Turn obstacles into opportunities

posted Feb. 19, 2016 3:00 p.m. (CDT)
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by / Pat McKnight | Correspondent

  • con_CT_traildvd_021016
    Michelle Rasmussen

Michelle Rasmussen thinks objects encountered on the trail should be seen as opportunities instead of obstacles. To help timid riders see such obstacles in a positive light and build confidence, the Tomah-area trainer has created a video showing how to make games out of challenges found along the trail.

“I made the DVD because I’ve had friends and students who were comfortable in an arena but afraid to ride on the trails,” Rasmussen said. “In order to help them, and many others, I thought about what makes the trails fun for me. I feel sad for riders who are afraid to go out on the trails on their own or with someone. I really like coaching them to learn to build their confidence in the open by still using boundaries.”

Released last fall, the DVD took three days to film and Rasmussen spent last summer learning the ins and outs of editing and producing a video.

Rasmussen developed the trail riding games using the approach, “Use what you know and progress as you go.” In the video, she shows how to play games to build the horse’s confidence through the rider’s leadership.

Some of the games shown in the video are Circle One, Leap Horse and Short ’N’ Sweet, which show riders how to maneuver their mounts and get their attention by being a leader and a follower.

“These games build calmness, confidence and curiosity,” Rasmussen said. “This connection with your horse is what helps when you meet any of these obstacles such as downed trees, muddy and marshy areas, water crossings, stumps, wildlife, sign posts, guardrails and litter.

Rasmussen created the games to develop the rider’s leadership, so the horse and rider team stay calm and together.

“The games help focus the rider as well as use the horse’s curiosity to use their energy in a certain pattern with a beginning and an ending place,” Rasmussen said. “The game is won when the horse is calm, confident and willing. The goal is to keep the connection between the rider and the horse regardless of what anyone else is doing or whatever else is going on. This builds safety and then comes fun. Parents really like this for their kids, and older adults, not wanting to fall, appreciate remembering how to play and relax on a trail ride.”

Joined by her eldest daughter, who hasn’t ridden in a few years, and a friend with a new, energetic horse on the trail taped for the video, Rasmussen guides fellow trail riders in overcoming frustration and fear on their way to a pleasant ride on the trail.

“Looking at obstacles as opportunities supports the horses and grows riders’ horsemanship, so they enjoy trail riding in a delightful new way,” Rasmussen said. “Using the horse’s natural curiosity and willingness to follow direction benefits the horses as well as the horsemen.”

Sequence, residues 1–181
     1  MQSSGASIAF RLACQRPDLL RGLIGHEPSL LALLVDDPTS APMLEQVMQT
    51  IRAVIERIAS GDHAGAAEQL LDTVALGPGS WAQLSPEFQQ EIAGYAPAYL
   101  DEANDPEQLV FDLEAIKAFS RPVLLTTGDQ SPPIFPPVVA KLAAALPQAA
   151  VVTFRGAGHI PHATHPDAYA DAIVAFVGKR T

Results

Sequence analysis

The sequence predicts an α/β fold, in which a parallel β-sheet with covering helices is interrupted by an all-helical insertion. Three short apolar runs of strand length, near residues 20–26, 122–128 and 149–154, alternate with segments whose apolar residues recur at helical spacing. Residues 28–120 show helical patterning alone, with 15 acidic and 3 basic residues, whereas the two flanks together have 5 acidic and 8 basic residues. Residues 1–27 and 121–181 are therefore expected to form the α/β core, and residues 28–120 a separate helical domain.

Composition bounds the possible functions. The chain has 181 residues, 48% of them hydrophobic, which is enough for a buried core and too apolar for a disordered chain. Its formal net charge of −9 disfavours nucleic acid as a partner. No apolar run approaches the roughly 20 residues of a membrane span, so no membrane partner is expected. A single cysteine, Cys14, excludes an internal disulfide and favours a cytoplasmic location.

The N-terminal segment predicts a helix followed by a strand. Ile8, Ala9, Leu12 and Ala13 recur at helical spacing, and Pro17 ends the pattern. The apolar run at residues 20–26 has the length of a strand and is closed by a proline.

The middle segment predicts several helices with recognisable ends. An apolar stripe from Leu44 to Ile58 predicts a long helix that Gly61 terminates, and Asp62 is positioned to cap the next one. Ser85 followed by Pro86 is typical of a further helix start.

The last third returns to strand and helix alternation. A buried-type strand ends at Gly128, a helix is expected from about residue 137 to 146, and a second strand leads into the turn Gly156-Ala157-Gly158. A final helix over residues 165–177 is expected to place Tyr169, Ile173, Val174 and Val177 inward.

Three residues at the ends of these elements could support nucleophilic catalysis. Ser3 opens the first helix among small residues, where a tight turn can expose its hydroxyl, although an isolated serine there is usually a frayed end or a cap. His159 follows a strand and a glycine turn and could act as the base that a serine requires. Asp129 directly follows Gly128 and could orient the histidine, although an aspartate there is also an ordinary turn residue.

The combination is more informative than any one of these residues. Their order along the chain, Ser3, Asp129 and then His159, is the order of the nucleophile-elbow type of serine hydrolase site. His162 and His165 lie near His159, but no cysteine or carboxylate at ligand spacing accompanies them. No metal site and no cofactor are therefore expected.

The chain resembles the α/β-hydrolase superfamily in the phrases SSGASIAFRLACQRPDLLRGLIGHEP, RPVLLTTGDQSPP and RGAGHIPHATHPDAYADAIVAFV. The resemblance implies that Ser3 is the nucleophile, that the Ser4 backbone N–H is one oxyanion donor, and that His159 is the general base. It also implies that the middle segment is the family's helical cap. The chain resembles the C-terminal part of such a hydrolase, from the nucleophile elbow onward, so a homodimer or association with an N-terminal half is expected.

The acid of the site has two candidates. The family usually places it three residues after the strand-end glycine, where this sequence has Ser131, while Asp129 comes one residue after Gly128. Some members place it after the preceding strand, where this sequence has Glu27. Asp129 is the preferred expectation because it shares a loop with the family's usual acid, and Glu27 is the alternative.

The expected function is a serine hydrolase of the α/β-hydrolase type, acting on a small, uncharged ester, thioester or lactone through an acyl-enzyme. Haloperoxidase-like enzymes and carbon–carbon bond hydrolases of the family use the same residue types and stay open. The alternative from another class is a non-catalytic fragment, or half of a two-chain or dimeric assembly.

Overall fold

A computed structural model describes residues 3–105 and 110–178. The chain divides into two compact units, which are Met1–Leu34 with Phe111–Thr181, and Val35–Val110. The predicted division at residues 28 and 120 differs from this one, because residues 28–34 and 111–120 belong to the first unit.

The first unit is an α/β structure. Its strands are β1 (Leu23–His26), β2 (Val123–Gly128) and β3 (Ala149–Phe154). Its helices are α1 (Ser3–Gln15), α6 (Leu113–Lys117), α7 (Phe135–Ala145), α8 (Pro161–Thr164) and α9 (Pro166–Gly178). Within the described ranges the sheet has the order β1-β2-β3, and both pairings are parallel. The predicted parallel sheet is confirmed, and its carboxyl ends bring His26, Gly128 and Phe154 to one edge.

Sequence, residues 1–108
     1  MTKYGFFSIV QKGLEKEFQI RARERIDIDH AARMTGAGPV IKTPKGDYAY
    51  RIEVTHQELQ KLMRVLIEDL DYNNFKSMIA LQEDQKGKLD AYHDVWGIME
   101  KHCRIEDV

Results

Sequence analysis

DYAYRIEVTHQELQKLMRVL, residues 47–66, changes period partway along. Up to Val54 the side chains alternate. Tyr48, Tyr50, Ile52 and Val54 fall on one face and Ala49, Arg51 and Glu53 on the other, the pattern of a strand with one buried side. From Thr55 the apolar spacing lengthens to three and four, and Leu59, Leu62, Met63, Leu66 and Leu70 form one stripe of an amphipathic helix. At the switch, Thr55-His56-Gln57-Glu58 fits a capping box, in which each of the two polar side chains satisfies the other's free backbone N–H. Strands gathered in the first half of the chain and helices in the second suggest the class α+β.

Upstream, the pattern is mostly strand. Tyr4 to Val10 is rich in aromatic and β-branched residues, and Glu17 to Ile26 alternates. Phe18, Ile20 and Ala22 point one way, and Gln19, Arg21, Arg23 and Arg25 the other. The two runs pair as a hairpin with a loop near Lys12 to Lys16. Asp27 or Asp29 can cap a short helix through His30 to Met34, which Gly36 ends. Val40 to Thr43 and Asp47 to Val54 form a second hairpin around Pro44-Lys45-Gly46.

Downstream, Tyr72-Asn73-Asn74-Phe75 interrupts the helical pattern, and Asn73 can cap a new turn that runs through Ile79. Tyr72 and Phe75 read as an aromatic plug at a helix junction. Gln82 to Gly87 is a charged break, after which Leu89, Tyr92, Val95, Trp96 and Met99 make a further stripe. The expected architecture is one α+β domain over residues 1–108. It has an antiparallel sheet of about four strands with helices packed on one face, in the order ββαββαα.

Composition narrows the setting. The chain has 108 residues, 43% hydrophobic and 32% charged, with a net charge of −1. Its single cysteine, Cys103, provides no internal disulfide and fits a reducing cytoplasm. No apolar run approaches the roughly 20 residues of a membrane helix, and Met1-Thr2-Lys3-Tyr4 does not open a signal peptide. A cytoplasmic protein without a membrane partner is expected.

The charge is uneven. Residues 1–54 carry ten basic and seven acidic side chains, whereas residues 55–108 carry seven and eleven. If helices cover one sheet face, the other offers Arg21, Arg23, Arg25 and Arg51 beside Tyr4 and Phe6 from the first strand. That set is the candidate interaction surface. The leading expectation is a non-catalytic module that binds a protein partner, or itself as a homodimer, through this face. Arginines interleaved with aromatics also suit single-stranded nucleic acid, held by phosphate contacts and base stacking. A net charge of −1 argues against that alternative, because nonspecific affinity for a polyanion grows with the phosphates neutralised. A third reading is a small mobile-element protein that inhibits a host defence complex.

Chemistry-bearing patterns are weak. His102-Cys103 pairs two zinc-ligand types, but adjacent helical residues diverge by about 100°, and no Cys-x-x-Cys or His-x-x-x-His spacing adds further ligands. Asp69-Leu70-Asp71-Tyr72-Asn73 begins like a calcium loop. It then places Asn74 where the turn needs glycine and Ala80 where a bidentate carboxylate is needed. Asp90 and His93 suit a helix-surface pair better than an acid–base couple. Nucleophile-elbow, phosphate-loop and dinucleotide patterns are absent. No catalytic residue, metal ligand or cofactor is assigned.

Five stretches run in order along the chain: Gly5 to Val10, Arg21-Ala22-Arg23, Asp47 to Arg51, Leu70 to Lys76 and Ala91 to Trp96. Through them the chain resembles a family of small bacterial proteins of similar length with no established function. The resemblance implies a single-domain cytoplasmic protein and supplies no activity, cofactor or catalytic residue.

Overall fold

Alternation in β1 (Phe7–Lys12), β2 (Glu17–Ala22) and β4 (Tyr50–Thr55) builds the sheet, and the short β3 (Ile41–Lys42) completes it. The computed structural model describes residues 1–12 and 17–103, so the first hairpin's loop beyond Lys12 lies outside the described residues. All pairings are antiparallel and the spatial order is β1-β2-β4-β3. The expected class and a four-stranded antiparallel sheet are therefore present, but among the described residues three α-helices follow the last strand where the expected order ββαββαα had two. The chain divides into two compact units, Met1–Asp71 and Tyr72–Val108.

In the video, Rasmussen shows how to practice for a trail ride before leaving the stable. The games riders can “play” with their horse before heading out on the trail range from teaching the horse to “catch the rider” to easy trailering.

“Doesn’t it make sense to practice for the real trail ride at home and be ready for whatever opportunities the trail ride presents?” Rasmussen said. “Simulating what you’ll do on your place develops your horse and you and shows where improved connection and trust need to progress. It just takes time.”

Rasmussen has found horse enthusiasts who grew up with horses tend to want to form a better understanding of and with their horses when the riders reach adulthood. They also seem to enjoy going at a slower pace so as to enjoy beautiful scenery and sounds found along the trail.

Rasmussen has been riding horses since she was a teen, buying a 3-year-old green-broke thoroughbred when she was 15. The horse and rider enjoyed hacking along country roads and along the fields of the family’s and neighboring farms.

She has studied hard to become a Parelli Natural Horsemanship graduate of Level 3 in the On-Line category and Level 4 in Freestyle and Liberty plus graduated from the FastTrack monthlong program at the Parelli Ranch in July 2013. She incorporates this training in her creativity and confidence with trail riding.

“I enjoy riding on the Castle Rock, Kickapoo Reserve and Kettle Moraine as well as Black River Falls-area trails,” Rasmussen said. “I have made a trail system around our farm pastures where we have water and mucky crossings, downed trees and open fields with hills; it’s a great place to train and have fun. Also, I have a pasture set up with obstacles where I ride. I really like the opportunities obstacles present to develop my horse’s potential. I have fun training our dog, Ace, to do the obstacles, too.”

Her training on the obstacles has resulted in championships at the Tomah Saddle Club Obstacle Challenges on her paint gelding, Tigger, in 2014 and on her Morab mare, Glory, in 2015. In 2011, she rode Tigger in three American Competitive Trail Horse Association challenges in Wisconsin, tying for first place.

“Riding Tigger, I earned a spot on the reserve list for the 2011 America’s Favorite Trail Horse,” Rasmussen said.

The DVD is available through Rasmussen’s production website at http://www.mlrproducts.com. She can also be contacted for lessons, training and clinics through her stable website at http://www.morningstarstables.com.






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